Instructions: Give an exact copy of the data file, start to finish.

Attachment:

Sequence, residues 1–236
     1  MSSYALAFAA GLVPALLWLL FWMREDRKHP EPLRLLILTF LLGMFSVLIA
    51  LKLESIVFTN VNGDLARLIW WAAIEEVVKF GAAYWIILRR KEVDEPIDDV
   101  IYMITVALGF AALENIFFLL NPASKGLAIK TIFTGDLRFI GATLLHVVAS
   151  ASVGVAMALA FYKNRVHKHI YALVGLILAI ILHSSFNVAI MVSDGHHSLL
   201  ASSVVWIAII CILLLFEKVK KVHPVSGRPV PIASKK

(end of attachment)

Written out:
Sequence, residues 1–236
     1  MSSYALAFAA GLVPALLWLL FWMREDRKHP EPLRLLILTF LLGMFSVLIA
    51  LKLESIVFTN VNGDLARLIW WAAIEEVVKF GAAYWIILRR KEVDEPIDDV
   101  IYMITVALGF AALENIFFLL NPASKGLAIK TIFTGDLRFI GATLLHVVAS
   151  ASVGVAMALA FYKNRVHKHI YALVGLILAI ILHSSFNVAI MVSDGHHSLL
   201  ASSVVWIAII CILLLFEKVK KVHPVSGRPV PIASKK